Abstract and Keywords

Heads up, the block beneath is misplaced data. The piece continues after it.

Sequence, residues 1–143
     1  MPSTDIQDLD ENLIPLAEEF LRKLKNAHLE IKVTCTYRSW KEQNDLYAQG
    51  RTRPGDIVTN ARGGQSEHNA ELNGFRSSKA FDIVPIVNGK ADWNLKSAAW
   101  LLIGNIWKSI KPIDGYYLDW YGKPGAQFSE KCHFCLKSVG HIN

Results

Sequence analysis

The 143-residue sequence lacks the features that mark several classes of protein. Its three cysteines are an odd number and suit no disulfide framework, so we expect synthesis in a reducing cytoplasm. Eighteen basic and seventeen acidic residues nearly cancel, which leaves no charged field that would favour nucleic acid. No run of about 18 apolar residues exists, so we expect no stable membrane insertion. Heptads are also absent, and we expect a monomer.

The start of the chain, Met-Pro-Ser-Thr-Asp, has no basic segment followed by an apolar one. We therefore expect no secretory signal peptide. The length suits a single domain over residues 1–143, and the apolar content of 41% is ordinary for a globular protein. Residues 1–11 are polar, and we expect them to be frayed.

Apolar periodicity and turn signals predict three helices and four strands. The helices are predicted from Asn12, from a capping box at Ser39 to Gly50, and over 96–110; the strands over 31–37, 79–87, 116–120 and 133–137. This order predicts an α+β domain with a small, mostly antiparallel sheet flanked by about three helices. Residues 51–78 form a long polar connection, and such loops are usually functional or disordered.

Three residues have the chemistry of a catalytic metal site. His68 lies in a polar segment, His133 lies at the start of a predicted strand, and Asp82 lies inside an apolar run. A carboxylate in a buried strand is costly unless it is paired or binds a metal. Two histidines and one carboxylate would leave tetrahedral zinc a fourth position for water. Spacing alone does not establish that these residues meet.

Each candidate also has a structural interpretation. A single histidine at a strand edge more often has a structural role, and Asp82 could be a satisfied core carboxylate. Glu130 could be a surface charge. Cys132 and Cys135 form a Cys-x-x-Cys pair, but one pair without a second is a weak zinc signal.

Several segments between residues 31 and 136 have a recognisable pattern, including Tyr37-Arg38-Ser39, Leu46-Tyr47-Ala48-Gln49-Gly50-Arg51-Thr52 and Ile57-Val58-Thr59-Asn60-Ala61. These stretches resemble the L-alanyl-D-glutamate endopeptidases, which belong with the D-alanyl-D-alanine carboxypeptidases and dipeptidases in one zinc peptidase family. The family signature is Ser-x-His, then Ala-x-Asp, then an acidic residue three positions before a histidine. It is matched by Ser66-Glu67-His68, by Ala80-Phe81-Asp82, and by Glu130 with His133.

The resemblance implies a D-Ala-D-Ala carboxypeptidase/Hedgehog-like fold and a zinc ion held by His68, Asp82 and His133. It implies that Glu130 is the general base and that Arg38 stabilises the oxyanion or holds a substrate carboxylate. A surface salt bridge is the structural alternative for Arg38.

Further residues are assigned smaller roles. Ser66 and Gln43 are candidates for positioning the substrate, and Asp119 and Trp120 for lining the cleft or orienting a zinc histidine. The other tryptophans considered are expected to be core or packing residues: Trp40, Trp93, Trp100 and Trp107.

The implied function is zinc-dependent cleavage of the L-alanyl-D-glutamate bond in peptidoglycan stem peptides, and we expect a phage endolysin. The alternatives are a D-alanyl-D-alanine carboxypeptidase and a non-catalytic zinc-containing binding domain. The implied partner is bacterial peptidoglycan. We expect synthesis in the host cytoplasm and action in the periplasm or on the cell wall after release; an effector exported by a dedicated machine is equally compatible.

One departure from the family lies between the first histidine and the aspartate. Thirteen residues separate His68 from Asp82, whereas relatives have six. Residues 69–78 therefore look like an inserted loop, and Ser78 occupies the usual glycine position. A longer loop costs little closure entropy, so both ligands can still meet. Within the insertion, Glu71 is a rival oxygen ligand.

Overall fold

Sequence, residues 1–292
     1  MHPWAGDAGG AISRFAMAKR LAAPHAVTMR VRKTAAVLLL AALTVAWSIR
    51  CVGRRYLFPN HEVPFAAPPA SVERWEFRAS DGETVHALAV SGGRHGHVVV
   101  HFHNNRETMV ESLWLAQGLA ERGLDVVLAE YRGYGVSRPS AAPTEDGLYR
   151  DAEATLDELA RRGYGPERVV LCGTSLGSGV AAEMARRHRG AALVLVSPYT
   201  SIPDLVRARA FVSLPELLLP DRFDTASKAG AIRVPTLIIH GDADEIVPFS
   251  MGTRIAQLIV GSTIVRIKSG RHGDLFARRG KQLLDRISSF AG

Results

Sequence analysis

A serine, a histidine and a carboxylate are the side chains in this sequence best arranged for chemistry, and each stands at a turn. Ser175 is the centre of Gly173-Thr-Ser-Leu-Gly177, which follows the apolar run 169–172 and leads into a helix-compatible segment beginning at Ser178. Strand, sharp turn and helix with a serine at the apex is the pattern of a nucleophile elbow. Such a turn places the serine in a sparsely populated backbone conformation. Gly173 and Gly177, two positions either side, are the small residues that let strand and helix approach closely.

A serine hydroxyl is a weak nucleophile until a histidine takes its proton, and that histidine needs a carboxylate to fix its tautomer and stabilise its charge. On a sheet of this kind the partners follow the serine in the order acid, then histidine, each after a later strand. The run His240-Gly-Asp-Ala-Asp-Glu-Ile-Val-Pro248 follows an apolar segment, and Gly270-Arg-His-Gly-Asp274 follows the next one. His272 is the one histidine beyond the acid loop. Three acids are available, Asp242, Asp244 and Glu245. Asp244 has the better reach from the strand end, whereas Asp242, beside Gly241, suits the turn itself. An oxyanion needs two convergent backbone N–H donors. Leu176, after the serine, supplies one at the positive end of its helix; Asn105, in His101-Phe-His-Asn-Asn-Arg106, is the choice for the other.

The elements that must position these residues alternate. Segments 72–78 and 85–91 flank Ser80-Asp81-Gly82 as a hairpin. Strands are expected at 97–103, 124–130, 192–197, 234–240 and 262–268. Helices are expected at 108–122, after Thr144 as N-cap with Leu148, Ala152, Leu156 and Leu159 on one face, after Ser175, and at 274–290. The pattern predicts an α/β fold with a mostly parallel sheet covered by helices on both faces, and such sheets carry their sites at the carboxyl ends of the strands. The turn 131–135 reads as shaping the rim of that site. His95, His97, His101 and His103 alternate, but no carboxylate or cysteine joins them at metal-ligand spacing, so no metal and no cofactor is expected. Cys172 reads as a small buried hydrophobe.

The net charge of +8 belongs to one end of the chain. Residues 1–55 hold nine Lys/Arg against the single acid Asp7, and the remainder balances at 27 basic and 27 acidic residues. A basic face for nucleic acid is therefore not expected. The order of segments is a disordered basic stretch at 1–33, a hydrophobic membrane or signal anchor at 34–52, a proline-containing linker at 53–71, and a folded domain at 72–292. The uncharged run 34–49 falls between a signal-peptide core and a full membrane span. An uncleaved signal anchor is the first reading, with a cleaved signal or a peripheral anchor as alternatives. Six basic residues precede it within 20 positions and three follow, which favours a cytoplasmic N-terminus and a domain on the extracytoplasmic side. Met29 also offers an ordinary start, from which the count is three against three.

Heroism as an important factor in social transformation, and enacted compassion can fundamentally change individual and societal level outcomes. Although some of our prior work has distinguished heroism from altruism, compassion can be viewed as a central element in many heroic acts. Here we assert that one definition of heroism is compassionate action at the risk of personal sacrifice. We also suggest that training compassionate self-sacrifice is possible, through programs like the Heroic Imagination Project and other similar training efforts. Two pilot studies based on this idea are summarized. The first examines gang desistance programs that focus on replacing these activities with compassionately driven, prosocial ones. However, these actions can put former gang members at considerable personal risk. The second study examines transitions in Palestinians and Israelis who have turned away from war and are focusing on reconciliation, but at the cost of compromised relationships with family members and friends.
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